Fletcher-Gordon also noted the extreme weather response shelter is now running at capacity and is hosting 50 people a night when the weather is bad.

“People are in a supervised and safe place, and that may save lives,” she said. “However, we can say with certainty that, on average, eight people a month don’t die because they are using the safe consumption site.”

Staggering statistics

In 2021, 71% of the people who died of suspected drug toxicity in B.C. were between 30 to 59 years of age and 78% of them were male.

Coroners service statistics also show that more than half of the deaths in B.C. (55.5%) occurred in private residences, 24.9% were in other residences and 15.1% happened outside. Other deaths occurred in public buildings, correctional facilities and police cells, occupational sites and medical facilities.

“It is time that politicians and policy makers put the toxic drug supply, that has resulted in the deaths of so many people, front and centre and addressed the need for a safe supply,” said Fletcher-Gordon. “Yes, many people will be opposed to this, but only until drugs touch their lives. Some people feel like their family and friends are immune until someone close to them dies from toxic drugs.  And, that is what is happening. People are dying at home, alone behind a closed doors. They were recreational users who took toxic drugs.”

According to the BC Coroners Service, the 2,224 deaths in 2021 is 26% more than the 1,767 illicit drug-related deaths it investigated in 2020, and equates to an average of 6.1 lives lost every day. It stated that more than 8,800 British Columbians have been lost to toxic drugs since the public health emergency into substance-related harms was first declared in April 2016.

The coroners service reports that the last two months of 2021 saw the largest number of suspected illicit drug deaths ever recorded in the province, with 210 deaths in November and an additional 215 in December.

"We need decision-makers at all levels to recognize and respond to this public health emergency with the level of urgency it demands," Lapointe said in a news release. "The reality is this: every day we wait to act, six more people will die. COVID-19 has shown what is possible when governments act decisively to save lives. And in order to save lives in this public-health emergency, we need to provide people with access to the substances they need, where and when they need them. Time has run out for research and discussion. It is time to take action."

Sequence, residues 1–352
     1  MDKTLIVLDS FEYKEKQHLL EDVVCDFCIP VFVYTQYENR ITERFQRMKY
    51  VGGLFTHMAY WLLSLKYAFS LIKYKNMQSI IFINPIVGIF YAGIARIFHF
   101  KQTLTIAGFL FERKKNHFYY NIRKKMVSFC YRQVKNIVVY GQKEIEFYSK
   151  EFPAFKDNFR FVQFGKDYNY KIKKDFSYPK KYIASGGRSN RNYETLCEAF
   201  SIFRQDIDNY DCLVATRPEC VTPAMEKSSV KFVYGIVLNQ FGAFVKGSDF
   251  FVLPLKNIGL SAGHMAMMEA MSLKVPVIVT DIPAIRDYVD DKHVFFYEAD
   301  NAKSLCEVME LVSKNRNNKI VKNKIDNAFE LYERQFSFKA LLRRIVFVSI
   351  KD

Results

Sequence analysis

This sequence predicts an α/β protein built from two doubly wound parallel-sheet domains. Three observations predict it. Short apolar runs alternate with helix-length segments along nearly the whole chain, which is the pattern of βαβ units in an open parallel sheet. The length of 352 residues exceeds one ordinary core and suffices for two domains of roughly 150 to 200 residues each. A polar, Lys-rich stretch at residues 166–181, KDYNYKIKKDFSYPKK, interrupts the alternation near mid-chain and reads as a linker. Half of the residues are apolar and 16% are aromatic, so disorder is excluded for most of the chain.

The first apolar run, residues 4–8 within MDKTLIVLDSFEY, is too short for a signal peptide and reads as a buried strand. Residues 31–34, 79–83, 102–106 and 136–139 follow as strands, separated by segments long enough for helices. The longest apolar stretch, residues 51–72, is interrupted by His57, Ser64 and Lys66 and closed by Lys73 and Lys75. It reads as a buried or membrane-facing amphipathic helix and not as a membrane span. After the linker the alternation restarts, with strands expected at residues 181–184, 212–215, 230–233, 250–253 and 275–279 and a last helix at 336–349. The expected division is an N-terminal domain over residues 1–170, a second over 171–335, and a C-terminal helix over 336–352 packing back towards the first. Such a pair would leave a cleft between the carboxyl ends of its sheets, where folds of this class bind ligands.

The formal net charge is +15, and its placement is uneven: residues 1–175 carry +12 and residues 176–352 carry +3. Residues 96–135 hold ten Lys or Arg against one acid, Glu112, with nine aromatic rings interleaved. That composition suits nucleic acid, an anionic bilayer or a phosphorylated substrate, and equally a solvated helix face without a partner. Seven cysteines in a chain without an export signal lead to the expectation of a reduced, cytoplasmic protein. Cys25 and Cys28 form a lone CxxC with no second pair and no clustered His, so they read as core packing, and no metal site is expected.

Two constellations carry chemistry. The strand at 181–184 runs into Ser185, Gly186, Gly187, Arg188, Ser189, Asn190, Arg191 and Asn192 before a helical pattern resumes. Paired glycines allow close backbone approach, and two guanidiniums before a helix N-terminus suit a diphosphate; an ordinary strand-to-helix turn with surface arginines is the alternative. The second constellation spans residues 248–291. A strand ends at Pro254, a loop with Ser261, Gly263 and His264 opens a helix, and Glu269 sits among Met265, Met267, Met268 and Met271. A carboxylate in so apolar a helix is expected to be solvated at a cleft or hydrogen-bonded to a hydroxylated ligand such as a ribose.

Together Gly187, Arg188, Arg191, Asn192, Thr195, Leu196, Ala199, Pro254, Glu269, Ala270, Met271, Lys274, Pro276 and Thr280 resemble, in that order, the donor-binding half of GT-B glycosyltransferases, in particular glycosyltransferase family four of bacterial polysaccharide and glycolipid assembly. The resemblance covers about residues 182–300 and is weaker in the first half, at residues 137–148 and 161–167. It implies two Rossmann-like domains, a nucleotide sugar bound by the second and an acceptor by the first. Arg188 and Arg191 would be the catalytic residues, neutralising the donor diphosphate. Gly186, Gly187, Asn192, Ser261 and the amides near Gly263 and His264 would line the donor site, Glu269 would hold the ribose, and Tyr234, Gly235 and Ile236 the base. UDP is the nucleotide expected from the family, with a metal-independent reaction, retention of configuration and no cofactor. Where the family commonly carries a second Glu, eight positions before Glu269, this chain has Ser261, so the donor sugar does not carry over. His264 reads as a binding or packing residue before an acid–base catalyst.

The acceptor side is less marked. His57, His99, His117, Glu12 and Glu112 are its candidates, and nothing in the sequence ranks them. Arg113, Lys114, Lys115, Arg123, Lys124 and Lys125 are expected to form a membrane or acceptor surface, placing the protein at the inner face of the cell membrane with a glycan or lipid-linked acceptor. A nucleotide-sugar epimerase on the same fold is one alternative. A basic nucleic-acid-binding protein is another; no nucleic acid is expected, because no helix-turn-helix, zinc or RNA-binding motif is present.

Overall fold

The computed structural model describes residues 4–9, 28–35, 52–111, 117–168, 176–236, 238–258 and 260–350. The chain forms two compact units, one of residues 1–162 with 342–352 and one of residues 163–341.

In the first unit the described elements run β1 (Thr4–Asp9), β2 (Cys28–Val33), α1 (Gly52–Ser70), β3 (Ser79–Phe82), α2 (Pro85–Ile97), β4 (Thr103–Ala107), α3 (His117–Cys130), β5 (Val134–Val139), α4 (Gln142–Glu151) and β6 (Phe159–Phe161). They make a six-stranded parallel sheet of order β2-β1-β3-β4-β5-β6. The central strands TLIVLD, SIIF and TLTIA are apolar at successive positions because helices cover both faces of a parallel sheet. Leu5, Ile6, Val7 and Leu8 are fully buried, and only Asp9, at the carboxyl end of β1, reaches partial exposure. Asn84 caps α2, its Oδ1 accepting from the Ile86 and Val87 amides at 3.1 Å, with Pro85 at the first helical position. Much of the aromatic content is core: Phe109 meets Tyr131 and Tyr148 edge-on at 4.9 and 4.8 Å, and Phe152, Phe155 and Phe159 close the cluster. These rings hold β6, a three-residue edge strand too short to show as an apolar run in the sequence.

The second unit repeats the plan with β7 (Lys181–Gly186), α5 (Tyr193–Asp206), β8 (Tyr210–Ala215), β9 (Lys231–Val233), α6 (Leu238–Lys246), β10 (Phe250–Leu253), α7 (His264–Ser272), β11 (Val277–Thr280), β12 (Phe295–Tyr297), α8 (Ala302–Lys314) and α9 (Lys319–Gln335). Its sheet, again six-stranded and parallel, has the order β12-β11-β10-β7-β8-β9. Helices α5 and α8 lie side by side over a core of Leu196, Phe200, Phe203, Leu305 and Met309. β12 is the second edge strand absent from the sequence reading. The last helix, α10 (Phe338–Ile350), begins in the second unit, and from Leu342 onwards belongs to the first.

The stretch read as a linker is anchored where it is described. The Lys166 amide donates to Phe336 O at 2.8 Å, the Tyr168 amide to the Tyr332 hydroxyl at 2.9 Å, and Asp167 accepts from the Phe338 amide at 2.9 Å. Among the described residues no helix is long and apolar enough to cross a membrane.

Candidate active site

Services offered at the local health contact centre include include witnessed consumption, harm reduction supplies, take-home naloxone kits, training on naloxone, education on safer drug use, referrals to treatment centres and health services, and drug testing.

“Purpose now has an FTIR spectrometer machine and can test drugs for small amounts of many toxic substances,” Fletcher-Gordon said. “People can bring a tiny amount of their drug in and get it tested, and this will also safe lives.”

The BC Coroners Service reports that toxicological testing underscores the reality that the illicit drug supply continues to be unstable and increasingly toxic.

“Benzodiazepines create significant challenges for life-saving efforts as naloxone does not reverse its effects,” said the report. “As with previous reporting, almost all test results included the presence of multiple substances.”

The safe consumption site in New Westminster, located at 40 Begbie St. (entrance is on Alexander Street) is currently open from 3 to 11 p.m.

“When I come to work at 6:45 a.m., I see people using on the street,” said Fletcher-Gordon. “It makes good sense to extend the hours to get these people inside where they can be helped if their drugs are toxic.”

Follow Theresa McManus on Twitter @TheresaMcManus